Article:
Image of Published Petition/Letter

The event organized by Penelope Padgett Barker on October 25, 1774 is marked as the earliest recording of women’s political activism in American.  It is also noted as being one of the bravest acts leading up to the American Revolution, because the women signed their names on their public communication to the king, which made them traitors to the crown, a punishable crime.

The Famous Petition Called The Edenton Tea Rebellion

The exact original letter has not survived history.  Reports of it appeared in newspapers at the time.  It was printed with the women’s names, attempting to publicly demean them in England and laud them in America.

The most commonly reported context is included here and an image of a colonial newspaper report of it appears in this article.  The words appear as spelled and written at the time.

From the Morning Chronicle and London Advertiser, January 31, 1775:

Extract of a letter from North Carolina, Oct. 27th

The Provincial Deputies of North Carolina having resolved not to drink any more tea, nor wear any more British cloth, &c. many ladies of this Province have determined to give a memorable proof of their patriotism, and have accordingly entered into the following honourable and spirited association. I send it to you, to shew your fair countrywomen, how zealously and faithfully American ladies follow the laudable example of their husbands, and what opposition your Ministers may expect to receive from a people thus firmly united against them:

Edenton, North Carolina, Oct. 25, 1774.

As we cannot be indifferent on any occasion that appears nearly to affect the peace and happiness of our country, and as it has been thought necessary, for the public good, to enter into several particular resolves by a meeting of Members deputed from the whole Province, it is a duty which we owe, not only to our near and dear connections who have concurred in them, but to ourselves who are essentially interested in their welfare, to do every thing as far as lies in our power to testify our sincere adherence to the same; and we do therefore accordingly subscribe this paper, as a witness of our fixed intention and solemn determination to do so.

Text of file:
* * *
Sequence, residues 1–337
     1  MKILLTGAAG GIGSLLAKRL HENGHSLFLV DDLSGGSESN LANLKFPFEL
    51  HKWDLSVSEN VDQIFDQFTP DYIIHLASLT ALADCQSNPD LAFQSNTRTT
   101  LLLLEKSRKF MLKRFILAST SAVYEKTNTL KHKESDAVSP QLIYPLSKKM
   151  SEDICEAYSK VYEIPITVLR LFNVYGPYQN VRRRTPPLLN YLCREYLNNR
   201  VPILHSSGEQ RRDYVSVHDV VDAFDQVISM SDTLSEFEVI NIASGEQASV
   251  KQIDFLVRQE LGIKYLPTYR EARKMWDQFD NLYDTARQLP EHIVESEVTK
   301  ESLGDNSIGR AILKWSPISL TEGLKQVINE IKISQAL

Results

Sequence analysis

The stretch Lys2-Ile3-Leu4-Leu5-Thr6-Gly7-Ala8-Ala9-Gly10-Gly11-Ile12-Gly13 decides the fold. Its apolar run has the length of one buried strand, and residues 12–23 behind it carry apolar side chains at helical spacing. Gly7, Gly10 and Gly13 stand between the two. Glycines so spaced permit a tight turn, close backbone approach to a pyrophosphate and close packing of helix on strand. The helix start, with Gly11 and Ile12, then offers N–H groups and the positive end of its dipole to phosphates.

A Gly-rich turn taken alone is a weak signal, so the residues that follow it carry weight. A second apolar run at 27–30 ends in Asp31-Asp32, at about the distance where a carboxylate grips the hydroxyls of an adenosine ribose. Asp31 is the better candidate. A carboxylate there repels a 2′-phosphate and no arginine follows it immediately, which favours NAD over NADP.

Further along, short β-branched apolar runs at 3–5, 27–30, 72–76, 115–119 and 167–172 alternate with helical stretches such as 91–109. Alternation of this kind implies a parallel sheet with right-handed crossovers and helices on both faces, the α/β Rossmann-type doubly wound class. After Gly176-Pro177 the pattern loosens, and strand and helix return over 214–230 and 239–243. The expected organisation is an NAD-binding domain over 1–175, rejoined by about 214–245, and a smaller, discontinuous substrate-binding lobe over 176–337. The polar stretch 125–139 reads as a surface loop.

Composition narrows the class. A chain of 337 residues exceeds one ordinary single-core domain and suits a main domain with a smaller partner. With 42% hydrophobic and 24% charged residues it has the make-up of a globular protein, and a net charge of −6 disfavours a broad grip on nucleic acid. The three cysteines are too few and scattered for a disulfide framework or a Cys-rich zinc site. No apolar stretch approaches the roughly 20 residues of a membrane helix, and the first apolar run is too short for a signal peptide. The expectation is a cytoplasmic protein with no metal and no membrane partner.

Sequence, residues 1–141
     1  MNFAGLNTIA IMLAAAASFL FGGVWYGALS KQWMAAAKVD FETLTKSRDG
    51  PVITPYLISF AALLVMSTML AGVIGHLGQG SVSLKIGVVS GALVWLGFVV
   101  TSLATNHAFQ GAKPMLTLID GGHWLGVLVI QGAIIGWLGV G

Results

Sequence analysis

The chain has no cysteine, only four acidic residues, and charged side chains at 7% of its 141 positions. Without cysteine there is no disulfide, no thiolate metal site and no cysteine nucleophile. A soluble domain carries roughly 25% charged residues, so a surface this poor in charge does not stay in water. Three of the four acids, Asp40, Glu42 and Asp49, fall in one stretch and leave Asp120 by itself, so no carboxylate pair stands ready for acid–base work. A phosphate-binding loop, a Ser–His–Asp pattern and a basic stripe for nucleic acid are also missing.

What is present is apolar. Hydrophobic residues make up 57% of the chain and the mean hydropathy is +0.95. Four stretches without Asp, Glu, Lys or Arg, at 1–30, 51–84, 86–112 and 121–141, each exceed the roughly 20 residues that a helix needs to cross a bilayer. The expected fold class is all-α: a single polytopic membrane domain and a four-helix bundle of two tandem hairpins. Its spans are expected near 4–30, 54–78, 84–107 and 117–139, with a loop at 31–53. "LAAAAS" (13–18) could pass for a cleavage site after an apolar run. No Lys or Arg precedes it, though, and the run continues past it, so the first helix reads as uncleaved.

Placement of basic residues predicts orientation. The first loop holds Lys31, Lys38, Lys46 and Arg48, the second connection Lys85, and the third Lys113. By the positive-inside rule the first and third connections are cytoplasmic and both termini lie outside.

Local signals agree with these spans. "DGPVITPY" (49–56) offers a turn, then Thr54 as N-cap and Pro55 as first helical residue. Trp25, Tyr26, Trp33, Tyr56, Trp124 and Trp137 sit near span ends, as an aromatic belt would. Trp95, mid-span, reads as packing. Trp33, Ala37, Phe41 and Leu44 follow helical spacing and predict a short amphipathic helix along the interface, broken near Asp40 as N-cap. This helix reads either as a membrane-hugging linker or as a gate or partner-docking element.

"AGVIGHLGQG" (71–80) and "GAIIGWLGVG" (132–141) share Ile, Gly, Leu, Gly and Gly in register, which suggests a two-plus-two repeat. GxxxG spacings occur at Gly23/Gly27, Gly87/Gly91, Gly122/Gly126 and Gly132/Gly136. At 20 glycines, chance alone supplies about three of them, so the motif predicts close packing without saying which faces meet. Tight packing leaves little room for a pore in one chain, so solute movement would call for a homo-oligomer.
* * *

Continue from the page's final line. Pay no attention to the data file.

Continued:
Abagail Charlton, Mary Blount, F. Johnstone, Elizabeth Creacy, Margaret Cathcart, Elizabeth Patterson, Anne Johnstone, Jane Wellwood, Margaret Pearson, Mary Woolar, Penelope Dawson, Sarah Beasley, Jean Blair, Susannah Vail, Grace Clayton, Elizabeth Vail, Frances Hall, Elizabeth Vail, Mary Jones, Mary Creacy, Anne Hall, Mary Creacy, Rebecca Bondfield, Ruth Benbury, Sarah Littlejohn, Sarah Howcott, Penelope Barker, Sarah Hoskins, Elizabeth P. Ormond, Mary Littledle, M. Payne, Sarah Valentine, Elizabeth Johnston, Elizabeth Cricket, Mary Bonner, Elizabeth Green, Lydia Bonner, Mary Ramsay, Sarah Howe, Anne Horniblow, Lydia Bennet, Mary Hunter, Marion Wells, Tresia Cunningham, Anne Anderson, Elizabeth Roberts, Sarah Mathews, Elizabeth Roberts, Anne Haughton, Elizabeth Robert, Elizabeth Beasly


(*Editor’s Note: The Boston Tea Party was a historic event leading to the American Revolution and has no connection to recent years’ references to a political tea party movement in America.)


Sources:;  Lindley S. Butler, North Carolina and the Coming of the Revolution, 1763-1776 (Raleigh, 1976); Richard M. Dillard, “The Historic Tea-Party of Edenton: An Incident in North Carolina Connected with British Taxation,” in The North Carolina Booklet (Raleigh, 1926); William S. Powell, North Carolina Through Four Centuries (Chapel Hill, 1989);  Lou Rogers, Tar Heel Women (Raleigh, 1949);;

Margo Louis
About Margo Louis 6 Articles
Margo Louis has been writing on newspapers since she was a teen and continued writing through college and her career, leaning toward technical writing in more recent years. She is pleased to be a part of The Founding Project and its support of civics education. When not working or writing, Margo enjoys cooking, travel, perusing antiques and especially loves spending time with her children and family.